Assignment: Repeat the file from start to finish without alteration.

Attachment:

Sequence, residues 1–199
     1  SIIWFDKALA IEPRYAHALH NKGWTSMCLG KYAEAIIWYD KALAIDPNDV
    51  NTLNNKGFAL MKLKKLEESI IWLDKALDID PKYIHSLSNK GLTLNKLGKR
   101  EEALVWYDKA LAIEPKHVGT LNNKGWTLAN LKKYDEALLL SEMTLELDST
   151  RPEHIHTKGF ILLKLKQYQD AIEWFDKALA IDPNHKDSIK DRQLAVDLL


Sequence, residues 1–199
     1  SIIWFDKALA IEPRYAHALH NKGWTSMCLG KYAEAIIWYD KALAIDPNDV
    51  NTLNNKGFAL MKLKKLEESI IWLDKALDID PKYIHSLSNK GLTLNKLGKR
   101  EEALVWYDKA LAIEPKHVGT LNNKGWTLAN LKKYDEALLL SEMTLELDST
   151  RPEHIHTKGF ILLKLKQYQD AIEWFDKALA IDPNHKDSIK DRQLAVDLL